The Repercussions of Lockdown in Clayville Community

By Emeldah Khumalo

2 April 2020

The COVID-19 coronavirus has played a huge and painful role in the lives of people in the world. The virus has claimed a lot of lives since it started. In the long term, even if some may not die, their lives are no longer the same. The cycle and way of living for all of us has changed.

President Cyril Ramaphosa declared a National Lockdown of the country which started on the 26 March 2020, but to the working class in informal settlements, rural areas and townships it is practically their lives being put on lockdown. They are unable to do what they usually do to earn a living. People who have informal jobs are very much affected by this crisis. Hawkers who are breadwinners in their families are being forced to stay at home. They are now unable to work and earn money for their families. The lockdown has stopped their flow of livelihoods. Spaza shops in townships are closed and the ones that are open have prices that have virally gone up, and malls and shopping centres are no longer operating like before. It is a pity that we as the working class are suffering and what does the government do about this? Nothing as always.
The streets of Clayville in Tembisa (the East rand of Gauteng) are quiet. People are not going to work and unfortunately some of them have already lost their jobs due to this virus. Some don’t know that when this virus has passed they will be left with no jobs. And of course the lockdown does not only hit finances, it hits relationships within households too. Won’t these 21 days of trying to contain the coronavirus crisis in this way cause more crisis like deaths within families?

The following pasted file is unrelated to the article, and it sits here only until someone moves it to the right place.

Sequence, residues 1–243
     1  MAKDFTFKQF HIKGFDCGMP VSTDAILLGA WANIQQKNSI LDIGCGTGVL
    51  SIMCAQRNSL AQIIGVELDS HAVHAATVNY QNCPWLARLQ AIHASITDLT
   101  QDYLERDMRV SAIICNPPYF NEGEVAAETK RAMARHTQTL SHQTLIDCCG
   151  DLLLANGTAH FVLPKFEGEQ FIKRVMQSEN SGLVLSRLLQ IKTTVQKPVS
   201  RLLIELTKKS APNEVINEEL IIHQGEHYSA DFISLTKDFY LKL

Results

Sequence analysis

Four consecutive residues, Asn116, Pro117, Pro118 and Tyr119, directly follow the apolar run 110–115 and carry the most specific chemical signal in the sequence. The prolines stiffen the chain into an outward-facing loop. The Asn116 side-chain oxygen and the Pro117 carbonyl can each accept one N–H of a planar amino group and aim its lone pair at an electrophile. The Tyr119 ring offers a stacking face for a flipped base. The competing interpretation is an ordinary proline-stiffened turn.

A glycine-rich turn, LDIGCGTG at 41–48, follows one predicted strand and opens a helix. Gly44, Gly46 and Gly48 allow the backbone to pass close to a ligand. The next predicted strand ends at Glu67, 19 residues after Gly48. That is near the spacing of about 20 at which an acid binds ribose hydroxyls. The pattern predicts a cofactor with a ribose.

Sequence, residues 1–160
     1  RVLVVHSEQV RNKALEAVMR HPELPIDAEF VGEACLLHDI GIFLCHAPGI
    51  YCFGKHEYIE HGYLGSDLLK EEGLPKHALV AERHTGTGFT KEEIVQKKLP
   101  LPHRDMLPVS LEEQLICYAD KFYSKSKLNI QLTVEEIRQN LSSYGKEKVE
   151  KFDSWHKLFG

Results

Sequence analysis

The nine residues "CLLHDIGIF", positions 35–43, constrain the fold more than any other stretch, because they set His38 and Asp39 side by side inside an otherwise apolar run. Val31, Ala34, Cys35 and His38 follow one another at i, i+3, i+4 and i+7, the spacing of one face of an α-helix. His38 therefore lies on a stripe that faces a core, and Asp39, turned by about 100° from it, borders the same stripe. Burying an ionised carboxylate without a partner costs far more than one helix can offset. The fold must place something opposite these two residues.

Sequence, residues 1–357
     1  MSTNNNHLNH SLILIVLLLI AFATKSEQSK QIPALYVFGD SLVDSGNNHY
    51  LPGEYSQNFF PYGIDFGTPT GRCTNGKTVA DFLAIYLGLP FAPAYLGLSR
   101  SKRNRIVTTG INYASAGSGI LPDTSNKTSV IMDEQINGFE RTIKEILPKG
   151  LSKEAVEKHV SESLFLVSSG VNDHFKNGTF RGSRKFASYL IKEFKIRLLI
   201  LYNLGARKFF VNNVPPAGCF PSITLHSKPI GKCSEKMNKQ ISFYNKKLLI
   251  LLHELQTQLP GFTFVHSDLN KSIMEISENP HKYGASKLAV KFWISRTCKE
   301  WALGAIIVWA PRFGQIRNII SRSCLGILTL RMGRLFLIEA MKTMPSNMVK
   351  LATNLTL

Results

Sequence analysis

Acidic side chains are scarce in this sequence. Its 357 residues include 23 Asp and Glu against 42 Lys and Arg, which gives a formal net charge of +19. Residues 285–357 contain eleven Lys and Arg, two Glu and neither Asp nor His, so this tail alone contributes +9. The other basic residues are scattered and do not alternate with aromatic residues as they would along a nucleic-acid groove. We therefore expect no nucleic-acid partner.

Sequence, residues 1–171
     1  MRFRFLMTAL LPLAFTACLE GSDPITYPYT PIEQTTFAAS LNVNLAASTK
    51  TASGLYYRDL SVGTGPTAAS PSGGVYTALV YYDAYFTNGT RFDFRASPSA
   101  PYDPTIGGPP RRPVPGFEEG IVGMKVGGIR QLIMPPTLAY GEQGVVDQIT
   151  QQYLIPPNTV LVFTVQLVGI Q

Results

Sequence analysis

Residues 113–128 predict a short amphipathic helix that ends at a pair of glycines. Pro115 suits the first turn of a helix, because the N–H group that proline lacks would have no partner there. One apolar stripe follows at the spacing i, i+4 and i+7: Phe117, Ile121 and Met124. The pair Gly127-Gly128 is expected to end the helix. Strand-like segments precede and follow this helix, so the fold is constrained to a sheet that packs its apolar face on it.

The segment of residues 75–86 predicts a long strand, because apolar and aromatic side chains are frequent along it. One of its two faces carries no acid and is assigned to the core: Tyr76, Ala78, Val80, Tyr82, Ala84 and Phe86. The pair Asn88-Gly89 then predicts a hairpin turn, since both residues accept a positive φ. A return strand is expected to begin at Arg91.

Many could not afford to buy essentials before the lockdown, because it is only now or a few days after the lockdown that they got paid. Some accessed money from loansharks so they could go to shopping centres to buy what they need. Lots of shopping happened without masks, sanitisers and no social distancing so their lives are in danger.

It has only been seven days in the lockdown but for those who survive on selling in the streets and doing all sorts of other informal jobs, it surely feels like it has been a year and more. The black community has been through a lot and I feel like this is too much but what more can we do but try to be strong and survive through it all.

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